Bond investors don't have the same luxury to wait and see. Typically, they set prices on what they think the environment will look like in the future—a process that has been disrupted in today's atypical environment by the Fed's Treasury-buying programs. As soon as they feel the Fed has stopped intervening in the market, they will start to really set prices based largely on their own—not necessarily the Fed's—inflation expectations.
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Re: WSJ: Heard on the Street Deception (?)

Post by bengal22 » Sun Apr 29, 2012 11:05 am

Sheepdog wrote:Try this link I found thru Google http://online.wsj.com/article/SB1000142 ... 26632.html You should be able to read it without a subscription. A quote:

Bond investors don't have the same luxury to wait and see. Typically, they set prices on what they think the environment will look like in the future—a process that has been disrupted in today's atypical environment by the Fed's Treasury-buying programs. As soon as they feel the Fed has stopped intervening in the market, they will start to really set prices based largely on their own—not necessarily the Fed's—inflation expectations.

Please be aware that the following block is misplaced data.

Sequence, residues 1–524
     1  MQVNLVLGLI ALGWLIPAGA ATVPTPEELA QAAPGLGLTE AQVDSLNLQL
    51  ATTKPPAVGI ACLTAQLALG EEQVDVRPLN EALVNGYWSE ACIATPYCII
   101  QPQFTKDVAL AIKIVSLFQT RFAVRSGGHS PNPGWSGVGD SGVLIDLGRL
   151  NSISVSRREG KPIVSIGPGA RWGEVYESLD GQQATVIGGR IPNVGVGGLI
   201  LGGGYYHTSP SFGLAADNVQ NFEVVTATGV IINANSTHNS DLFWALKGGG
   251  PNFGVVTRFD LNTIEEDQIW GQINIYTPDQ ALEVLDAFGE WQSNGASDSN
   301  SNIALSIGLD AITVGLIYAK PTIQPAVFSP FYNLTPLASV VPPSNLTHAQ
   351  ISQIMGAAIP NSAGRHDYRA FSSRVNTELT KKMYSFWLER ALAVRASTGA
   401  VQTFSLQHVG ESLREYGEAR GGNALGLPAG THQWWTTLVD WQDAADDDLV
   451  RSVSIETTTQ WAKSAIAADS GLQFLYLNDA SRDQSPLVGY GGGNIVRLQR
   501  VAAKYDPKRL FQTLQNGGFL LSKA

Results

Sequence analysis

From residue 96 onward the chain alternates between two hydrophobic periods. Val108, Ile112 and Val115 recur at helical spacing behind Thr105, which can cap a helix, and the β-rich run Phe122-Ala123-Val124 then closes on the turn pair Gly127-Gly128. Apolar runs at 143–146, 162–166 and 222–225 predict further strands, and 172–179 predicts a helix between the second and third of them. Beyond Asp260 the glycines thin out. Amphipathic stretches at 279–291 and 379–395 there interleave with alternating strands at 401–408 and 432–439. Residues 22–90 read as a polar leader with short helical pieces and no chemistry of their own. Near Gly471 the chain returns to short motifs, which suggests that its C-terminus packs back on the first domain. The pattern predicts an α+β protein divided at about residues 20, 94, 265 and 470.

I could not read it fully.
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Re: WSJ: Heard on the Street Deception (?)

Post by 555 » Sun Apr 29, 2012 11:21 am

Sheepdog wrote:Try this link I found thru Google http://online.wsj.com/article/SB1000142 ... 26632.html You should be able to read it without a subscription.
Interesting. I had used google myself and got that link, and saw the whole article, but when I click on your link (with identical address), I only get a portion. It see like anyone wanting to read it needs to google the title themselves. I have two tabs open with exactly the same address, one with the full article (googled myself) and one with a portion (using above link).

As to the graph, the last bar is too short, and the caption is not totally precise, but it's still pretty clear that the 3,3,5,4,3 refer to the number of Fed members believing the first increase in target rate should occur in that year (2012,3,4,5,6, respectively).